This downtown Minneapolis abode is something Dumbledore would feel right at home in.
Image courtesy Curt Lund
Today's nomination for our Celebrating Minnesota Architecture series is a bit of a magic-themed mystery [Editor's note: not anymore! See below]. Who built it? Who lives there? Curt Lund doesn't know, but the exterior of the building intrigues him:
For a little over four years, I've worked at Minnesota Center for Book Arts, located near the eastern edge of downtown Minneapolis in the Open Book building. And for all those four years, I've walked by this amazing and mysterious fortress, between Open Book and the Metrodome. Turrets, stained glass windows, a walled garden, medieval flags flying -- it looks like a chunk of Ren-Fest dropped into our little corner of downtown. This house has affectionately come to be known as "the Wizard Jail", because of this: an honest-to-goodness wizard (sculpture), breaking out of a barred second-story window. What in the world is this place? The mystery remains -- mainly because I've never worked up the courage to simply go knock on the door and ask!
The "Wizard's Jail"
Image courtesy Curt Lund
Update: Thanks to our dear smart State of the Arts readers, and an article in Twin Cities Metro, we now know much more about the house.
Built in 1911 as a blacksmith shop, musician Jeff Arundel bought the house from Sage and John Cowles (of Cowles Center for Dance), who used the space as a yoga studio/philanthropic office and abode.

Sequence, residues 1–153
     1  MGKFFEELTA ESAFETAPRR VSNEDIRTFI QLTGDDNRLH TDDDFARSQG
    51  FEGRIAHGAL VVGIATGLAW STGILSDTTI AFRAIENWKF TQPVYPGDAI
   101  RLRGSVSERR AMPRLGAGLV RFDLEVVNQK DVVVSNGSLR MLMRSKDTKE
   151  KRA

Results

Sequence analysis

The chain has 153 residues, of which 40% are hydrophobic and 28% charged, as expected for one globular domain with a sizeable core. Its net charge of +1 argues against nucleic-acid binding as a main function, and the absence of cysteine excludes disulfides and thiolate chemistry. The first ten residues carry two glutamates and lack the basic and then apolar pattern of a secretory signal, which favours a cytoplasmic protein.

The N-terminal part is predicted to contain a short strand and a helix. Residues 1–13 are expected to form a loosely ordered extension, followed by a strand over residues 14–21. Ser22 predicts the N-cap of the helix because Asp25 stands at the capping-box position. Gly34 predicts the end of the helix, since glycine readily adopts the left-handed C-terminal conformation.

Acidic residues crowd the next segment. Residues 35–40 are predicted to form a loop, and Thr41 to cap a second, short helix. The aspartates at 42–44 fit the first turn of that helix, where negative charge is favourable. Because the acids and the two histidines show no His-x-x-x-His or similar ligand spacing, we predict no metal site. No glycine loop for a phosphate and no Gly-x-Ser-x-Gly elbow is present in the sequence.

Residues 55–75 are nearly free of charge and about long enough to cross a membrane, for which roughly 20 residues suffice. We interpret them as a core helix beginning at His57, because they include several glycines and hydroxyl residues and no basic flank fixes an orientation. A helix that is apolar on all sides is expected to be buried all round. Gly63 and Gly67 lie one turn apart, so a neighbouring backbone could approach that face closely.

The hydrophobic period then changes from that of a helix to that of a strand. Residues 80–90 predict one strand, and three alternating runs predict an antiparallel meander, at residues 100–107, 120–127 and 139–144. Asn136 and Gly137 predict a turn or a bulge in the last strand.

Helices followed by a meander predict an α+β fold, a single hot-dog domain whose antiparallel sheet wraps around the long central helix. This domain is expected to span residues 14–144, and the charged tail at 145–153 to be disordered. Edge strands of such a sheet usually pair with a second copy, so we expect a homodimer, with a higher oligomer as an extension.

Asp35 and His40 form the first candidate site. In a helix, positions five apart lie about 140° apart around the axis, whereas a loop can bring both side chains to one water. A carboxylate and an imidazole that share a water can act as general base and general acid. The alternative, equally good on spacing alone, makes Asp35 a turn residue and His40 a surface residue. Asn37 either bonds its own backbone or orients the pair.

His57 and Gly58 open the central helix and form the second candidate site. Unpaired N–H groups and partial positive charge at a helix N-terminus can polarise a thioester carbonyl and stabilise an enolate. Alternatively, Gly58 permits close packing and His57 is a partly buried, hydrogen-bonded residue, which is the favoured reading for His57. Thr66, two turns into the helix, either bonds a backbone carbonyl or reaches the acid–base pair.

That's when he put metalworker Paul Tierney to work converting the space into a home for wizards.
The home is now for sale - for a cool $3.5 million.
You can see many more detailed shots of the home at Paul Tierney's website.
Have a submission of your own for the Minnesota Architecture series? Send a photo or two along with your nomination to firstname.lastname@example.org.(4 Comments)
Yes, it's hot, and it's going to remain hot for a few days, but there is always a certain amount to be said for beating the heat with a hot beat.
For the last decade new York-based Balkan Beat Box has melded modern rhythms and the traditional music of Balkan (and other) cultures. Tomorrow they bring their mix back to the Cedar Cultural Center in Minneapolis and as you can see from the video above, it promises to be sweaty, loud, inventive, and fun.
PBS is launching a new web series devoted to exploring experimental and non-traditional art forms.
Called "Off Book," the 13-part, bi-weekly series debuts Wednesday on PBSArts.org. The first episode focuses on a new generation of photographers who are pushing digital imagery to its limits.
The second episode, set to premiere on August 3, looks at the world of typography, interviewing graphic designers and font creators.
Future episodes will look at steampunk art, video games, fashion, aerial dance, and more.
A release from PBS describes the inspiration for the show's title this way:
Just as actors reach a point at which they're confident enough to go 'off-book' and leave their scripts behind, the visual and performing artists featured in this series are taking the next steps with their talents and training, forging new artistic paths. "Off Book" will offer interactive experiences for each of its 13 online episodes, encouraging further viewer participation and providing additional artistic inspiration.